Vallicella’s influential work makes a case that, when formulated broadly, as a problem about unity, Bradley’s challenge to Armstrongian states of affairs is practically insurmountable. He argues that traditional relational and non-relational responses to Bradley are inadequate, and many in the current metaphysical debate on this issue have come to agree. In this paper, I argue that such a conclusion is too hasty. Firstly, the problem of unity as applied to Armstrongian states of affairs is not clearly defined; in fact, it has taken a number of different forms each of which need to be carefully distinguished and further supported. Secondly, once we formulate the problem in more neutral terms, as a request for a characterization of the way that particulars, universals, and states of affairs stand to one another, it can be adequately addressed by an Armstrongian about states of affairs. I propose the desiderata for an adequate characterization and present a neo-Armstrongian defense of states of affairs that meets those desiderata. The latter relies on an important distinction between different notions of fundamentality and existential dependence.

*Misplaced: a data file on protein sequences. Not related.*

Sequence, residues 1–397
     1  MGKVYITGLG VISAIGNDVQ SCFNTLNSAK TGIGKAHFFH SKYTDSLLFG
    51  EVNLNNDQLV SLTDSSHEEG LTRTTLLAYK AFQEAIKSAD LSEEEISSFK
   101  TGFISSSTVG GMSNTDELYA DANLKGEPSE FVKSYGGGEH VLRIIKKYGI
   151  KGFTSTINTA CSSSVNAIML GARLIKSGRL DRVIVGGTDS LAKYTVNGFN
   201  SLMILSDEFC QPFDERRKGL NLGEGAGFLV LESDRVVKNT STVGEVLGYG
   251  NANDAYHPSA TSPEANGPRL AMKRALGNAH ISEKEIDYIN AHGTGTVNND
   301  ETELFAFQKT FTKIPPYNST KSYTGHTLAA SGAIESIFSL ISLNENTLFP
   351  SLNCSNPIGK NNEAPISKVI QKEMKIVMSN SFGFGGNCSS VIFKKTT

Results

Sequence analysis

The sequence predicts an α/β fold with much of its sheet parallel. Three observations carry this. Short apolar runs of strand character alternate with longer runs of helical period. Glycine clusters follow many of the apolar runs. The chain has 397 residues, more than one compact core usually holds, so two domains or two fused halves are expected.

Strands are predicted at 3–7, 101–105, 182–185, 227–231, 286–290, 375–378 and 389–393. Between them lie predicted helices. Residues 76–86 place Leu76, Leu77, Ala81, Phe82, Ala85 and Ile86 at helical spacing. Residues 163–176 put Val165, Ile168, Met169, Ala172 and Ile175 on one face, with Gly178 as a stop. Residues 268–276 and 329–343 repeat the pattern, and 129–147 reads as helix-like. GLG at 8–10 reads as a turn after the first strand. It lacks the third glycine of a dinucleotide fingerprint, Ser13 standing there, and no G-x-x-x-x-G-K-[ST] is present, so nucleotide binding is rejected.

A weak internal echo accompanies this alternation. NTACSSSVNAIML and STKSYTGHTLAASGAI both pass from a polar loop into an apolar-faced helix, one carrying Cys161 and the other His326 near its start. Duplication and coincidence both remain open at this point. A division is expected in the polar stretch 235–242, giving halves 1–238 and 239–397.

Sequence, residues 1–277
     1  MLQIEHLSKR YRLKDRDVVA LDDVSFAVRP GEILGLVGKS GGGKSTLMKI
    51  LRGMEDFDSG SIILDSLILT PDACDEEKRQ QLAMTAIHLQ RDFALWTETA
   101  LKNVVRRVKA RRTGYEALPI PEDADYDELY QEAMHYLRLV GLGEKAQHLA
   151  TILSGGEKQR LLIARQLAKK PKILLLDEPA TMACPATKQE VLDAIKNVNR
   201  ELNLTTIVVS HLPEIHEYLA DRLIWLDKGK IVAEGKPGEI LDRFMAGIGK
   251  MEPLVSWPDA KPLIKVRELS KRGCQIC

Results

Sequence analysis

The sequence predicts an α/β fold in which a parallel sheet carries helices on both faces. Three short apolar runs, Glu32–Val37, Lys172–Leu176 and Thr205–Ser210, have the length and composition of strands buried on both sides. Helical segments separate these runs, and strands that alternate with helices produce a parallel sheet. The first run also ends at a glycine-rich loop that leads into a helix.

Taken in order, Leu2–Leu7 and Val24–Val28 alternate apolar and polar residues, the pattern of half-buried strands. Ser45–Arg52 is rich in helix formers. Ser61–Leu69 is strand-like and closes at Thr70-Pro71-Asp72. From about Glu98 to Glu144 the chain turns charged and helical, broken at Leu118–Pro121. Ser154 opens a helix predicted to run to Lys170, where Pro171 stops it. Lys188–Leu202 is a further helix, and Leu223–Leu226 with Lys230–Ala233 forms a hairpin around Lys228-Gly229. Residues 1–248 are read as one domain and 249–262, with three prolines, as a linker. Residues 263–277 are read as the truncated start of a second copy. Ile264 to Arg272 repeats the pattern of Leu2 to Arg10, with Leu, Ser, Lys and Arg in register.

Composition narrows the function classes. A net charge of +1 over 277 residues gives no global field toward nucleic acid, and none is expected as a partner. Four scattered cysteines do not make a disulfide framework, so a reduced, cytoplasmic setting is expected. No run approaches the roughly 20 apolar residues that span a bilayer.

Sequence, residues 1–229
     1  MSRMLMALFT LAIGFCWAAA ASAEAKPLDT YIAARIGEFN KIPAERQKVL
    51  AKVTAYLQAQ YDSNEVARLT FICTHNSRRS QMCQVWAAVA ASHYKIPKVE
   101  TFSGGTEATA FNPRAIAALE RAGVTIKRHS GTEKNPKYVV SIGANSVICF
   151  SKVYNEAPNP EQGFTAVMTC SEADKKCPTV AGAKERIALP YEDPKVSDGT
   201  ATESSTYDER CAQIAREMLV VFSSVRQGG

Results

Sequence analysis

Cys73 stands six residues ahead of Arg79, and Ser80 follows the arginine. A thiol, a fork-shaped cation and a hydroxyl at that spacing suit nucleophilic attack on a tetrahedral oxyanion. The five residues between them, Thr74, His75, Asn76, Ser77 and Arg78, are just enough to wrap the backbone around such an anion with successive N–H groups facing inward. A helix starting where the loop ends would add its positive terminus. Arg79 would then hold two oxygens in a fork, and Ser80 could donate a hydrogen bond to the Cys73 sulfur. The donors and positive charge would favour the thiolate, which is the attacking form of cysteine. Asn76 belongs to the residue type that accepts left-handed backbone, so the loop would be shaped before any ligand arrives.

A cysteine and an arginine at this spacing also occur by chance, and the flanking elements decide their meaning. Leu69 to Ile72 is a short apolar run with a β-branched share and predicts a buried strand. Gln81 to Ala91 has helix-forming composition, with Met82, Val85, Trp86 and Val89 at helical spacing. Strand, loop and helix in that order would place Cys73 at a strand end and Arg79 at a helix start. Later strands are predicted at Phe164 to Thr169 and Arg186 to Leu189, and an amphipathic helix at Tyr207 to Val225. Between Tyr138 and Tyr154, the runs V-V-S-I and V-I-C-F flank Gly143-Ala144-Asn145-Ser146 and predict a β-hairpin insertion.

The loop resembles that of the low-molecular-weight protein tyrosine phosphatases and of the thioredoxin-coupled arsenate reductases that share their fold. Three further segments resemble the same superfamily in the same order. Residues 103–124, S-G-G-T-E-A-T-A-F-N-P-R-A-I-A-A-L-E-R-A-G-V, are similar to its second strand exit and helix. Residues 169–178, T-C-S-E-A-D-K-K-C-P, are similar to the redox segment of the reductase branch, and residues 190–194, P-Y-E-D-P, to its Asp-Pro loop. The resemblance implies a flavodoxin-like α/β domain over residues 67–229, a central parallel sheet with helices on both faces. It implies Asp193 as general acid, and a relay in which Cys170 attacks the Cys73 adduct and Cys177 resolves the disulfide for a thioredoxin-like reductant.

Many thanks for careful comments and suggestions on earlier versions of this paper go to Gregory Landini, Francesco Orilia, Bo Meinertsen, and David Gooblar.
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